My Denalis (purchased a few years ago at the end of a season, and have paid off their cost in rental fees) come with 4 inch and 8 inch tails. I use the 4 inch tails in powder, and even with daypack and stuff, I weigh no more than 150 pounds.

    My suggestion to check out your Yosemite snowshoe times and effort:

    If you haven’t done the wonderful trek to Dewey Point on snowshoes, enjoy it and see how you feel and what you’re time is. I think it’s actually a longer trek than advertised. The view of the valley from Dewey Point is fantastic.

    I usually go in to Dewey Point on the Old Glacier Point Road and then cross over the current road (with an outhouse stop near by) and then continue in via the Meadow Trail and come back on the Ridge Trail. (This is a different set of trails than the summer hiking one through McGurk Meadow.)

    You’ll notice that the ski level signs on part of the Dewey Point trails say “expert skiers only” but novice showshoers are perfectly able to negotiate the trail.

    Using Dewey Point with a day pack to check things out before trying Ostrander with lots more gear seems prudent to me!

    The winter trails are easier to find than the summer ones, IMO, both yellow blazes on trees and signs at junctions, and usually the tracks of those who’ve gone before.

    You can find the trail map for ski and snowshoe trails out of Badger Pass here (stick it on a single line) :

    http://www.nps.gov/yose/planyo.....eID=134994

    Of course, polite snowshoers stay out of both the set track on the Glacier Point Road and organized tracks in the back country.

    Some thoughts about Ostrander Lake trip:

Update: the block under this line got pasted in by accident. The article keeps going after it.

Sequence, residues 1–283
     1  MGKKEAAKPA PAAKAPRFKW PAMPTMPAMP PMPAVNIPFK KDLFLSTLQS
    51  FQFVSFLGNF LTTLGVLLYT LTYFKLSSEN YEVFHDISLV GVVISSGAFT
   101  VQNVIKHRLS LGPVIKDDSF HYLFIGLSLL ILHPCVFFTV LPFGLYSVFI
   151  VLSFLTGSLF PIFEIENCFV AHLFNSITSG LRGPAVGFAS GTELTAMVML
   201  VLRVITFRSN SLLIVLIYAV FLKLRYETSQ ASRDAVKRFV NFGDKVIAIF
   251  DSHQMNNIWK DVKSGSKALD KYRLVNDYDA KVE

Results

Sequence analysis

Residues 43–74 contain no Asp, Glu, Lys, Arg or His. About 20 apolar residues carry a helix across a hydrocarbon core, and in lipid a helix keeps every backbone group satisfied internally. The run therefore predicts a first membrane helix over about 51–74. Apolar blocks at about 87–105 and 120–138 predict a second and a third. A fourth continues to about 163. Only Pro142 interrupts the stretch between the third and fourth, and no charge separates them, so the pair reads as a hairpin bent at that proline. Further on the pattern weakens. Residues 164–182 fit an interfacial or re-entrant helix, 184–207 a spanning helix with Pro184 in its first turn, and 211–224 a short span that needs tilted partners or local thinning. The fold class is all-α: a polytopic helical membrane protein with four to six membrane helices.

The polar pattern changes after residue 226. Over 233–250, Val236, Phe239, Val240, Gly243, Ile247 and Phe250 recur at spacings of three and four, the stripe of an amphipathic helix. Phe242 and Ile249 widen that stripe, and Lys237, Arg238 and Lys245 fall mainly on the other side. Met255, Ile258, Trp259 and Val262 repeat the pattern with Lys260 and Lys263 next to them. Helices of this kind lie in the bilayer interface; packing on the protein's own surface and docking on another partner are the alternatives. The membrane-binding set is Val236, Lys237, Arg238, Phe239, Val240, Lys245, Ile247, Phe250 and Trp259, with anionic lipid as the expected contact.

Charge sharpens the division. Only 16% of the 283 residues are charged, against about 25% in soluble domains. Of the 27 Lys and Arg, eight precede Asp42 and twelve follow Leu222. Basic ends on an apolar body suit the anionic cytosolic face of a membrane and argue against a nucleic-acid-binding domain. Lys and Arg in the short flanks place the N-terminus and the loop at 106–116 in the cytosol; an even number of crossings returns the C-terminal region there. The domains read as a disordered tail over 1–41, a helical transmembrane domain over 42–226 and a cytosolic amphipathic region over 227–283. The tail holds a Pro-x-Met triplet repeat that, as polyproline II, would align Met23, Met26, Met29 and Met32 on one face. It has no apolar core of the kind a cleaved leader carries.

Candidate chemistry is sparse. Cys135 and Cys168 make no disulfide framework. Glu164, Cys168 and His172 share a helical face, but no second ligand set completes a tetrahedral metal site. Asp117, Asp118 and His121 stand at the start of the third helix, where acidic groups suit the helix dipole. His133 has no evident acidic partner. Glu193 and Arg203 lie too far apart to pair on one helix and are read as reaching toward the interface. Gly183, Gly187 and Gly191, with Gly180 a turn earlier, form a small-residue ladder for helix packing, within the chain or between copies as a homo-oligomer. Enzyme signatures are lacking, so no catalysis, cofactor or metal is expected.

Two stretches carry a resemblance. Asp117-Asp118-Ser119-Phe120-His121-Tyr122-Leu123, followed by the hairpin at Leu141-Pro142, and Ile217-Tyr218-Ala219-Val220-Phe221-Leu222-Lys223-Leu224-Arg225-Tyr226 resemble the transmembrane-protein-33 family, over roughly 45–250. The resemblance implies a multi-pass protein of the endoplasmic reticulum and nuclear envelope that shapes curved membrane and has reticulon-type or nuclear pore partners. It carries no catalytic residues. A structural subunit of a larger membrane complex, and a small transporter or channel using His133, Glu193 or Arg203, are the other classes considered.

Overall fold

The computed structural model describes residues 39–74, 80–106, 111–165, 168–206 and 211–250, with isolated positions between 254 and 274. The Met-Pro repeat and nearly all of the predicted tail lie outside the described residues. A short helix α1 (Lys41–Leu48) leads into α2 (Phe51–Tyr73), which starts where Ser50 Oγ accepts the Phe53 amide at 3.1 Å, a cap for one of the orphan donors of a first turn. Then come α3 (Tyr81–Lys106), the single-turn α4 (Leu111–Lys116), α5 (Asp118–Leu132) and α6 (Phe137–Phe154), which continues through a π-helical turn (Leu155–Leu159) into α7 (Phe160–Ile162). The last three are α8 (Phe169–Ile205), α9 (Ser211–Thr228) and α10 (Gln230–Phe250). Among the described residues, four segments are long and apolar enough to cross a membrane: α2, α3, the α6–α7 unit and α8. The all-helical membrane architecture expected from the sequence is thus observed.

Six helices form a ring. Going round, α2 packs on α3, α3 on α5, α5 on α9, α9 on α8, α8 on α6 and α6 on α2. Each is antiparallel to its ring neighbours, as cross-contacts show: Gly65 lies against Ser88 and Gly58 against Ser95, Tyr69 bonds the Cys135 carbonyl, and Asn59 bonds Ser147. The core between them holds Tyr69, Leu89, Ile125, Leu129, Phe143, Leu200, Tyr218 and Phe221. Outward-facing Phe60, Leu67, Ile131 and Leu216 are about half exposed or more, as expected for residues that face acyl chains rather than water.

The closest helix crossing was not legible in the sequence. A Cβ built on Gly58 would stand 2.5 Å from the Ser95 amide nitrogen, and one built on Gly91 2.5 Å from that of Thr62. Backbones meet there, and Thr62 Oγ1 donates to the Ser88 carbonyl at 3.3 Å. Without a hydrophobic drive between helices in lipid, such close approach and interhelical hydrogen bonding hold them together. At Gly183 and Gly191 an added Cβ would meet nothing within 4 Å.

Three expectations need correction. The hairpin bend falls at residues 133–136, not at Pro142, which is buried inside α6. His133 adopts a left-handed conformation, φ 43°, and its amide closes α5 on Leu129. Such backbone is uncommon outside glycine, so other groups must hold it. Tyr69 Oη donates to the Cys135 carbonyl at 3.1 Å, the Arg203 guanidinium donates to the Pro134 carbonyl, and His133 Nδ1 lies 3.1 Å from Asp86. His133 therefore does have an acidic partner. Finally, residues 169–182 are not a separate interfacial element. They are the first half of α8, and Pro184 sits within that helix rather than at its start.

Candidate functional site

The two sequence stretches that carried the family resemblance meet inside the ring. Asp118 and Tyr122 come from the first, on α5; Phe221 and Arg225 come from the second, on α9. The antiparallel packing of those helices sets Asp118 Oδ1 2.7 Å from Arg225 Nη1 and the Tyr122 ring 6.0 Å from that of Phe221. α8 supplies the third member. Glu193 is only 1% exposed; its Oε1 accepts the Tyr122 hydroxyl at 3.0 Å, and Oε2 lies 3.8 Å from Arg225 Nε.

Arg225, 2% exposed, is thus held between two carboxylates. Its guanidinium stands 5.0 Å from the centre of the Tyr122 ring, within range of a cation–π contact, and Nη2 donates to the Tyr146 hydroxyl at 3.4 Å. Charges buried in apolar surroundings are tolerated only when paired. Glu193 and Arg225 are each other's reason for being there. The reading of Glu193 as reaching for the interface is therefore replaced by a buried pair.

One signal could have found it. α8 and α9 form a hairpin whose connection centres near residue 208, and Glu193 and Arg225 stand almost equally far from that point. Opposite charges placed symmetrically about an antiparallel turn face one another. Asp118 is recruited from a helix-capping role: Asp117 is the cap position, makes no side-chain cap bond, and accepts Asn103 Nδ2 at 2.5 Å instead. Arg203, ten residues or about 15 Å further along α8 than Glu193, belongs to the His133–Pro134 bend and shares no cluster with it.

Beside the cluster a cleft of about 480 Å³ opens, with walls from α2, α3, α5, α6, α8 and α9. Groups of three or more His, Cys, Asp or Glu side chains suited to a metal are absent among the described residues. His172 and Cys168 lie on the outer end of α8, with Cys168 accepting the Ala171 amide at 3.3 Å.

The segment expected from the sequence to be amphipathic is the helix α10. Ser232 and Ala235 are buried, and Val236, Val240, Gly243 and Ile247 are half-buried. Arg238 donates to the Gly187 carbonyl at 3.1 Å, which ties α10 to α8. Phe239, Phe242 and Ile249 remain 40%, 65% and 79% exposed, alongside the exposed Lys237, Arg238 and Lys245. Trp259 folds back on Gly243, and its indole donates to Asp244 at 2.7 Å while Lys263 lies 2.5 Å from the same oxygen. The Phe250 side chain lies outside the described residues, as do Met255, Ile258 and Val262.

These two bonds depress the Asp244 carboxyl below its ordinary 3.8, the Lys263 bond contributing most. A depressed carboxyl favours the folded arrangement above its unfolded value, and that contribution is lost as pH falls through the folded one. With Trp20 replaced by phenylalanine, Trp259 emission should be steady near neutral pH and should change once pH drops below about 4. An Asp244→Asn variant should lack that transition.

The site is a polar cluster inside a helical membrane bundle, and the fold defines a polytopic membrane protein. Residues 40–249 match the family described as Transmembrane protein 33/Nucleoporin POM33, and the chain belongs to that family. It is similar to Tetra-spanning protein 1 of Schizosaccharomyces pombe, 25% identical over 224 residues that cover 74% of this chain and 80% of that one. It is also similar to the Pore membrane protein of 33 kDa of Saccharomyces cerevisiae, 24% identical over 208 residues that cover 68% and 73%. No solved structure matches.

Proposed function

Some options for the first part of a trip to the Ostrander Lake Ski Hut do the first few miles along the Glacier Point Road, which is packed down by the ski groomers. (For more solitude, you can take the trail to the Bridal Veil Campground instead of the road instead.) There are several trails up to the Hut, with ratings for skiers. One of the advantages of snowshoeing is you can pretty much ignore the warnings that say novice skiers should not attempt the Ostrander Trip. I don’t mean to slight the energy demands, just to point out the difference in skill level needed.

    I’ve snowshoed to the Glacier Point “ski” hut, which is less of a climb than Ostrander but also 10.5 miles. My left knee doesn’t like to snowplow very much, which is why snowshoes rather than cross country skis. I was keeping up with the skiers headed for Ostrander on the uphill, as they had heavier packs–not having sleeping bag and food kept my pack lighter!

    I’ve hiked the trail to Ostrander Lake in the summer, and I think I could make it in a long day (but all daylight) to the hut on snowshoes.

    It’s hard to get an early start, as you have to check in with the ranger at Badger Pass and get the permit to leave your car overnight. (No reservation needed for wilderness permit, just show up to get it.)

    The hut has bunks for about 25 people total. The official site seems to imply you won’t need cookware:

    http://www.yosemiteconservancy.....eservation

    happy trails!

    • mrhalfdome says:

      You sound pretty hard core! Good advice. My rentals were MSR with attached tails. I stayed in the hardpacked tracks. Not bad. Was fun to get in deep stuff and slosh around.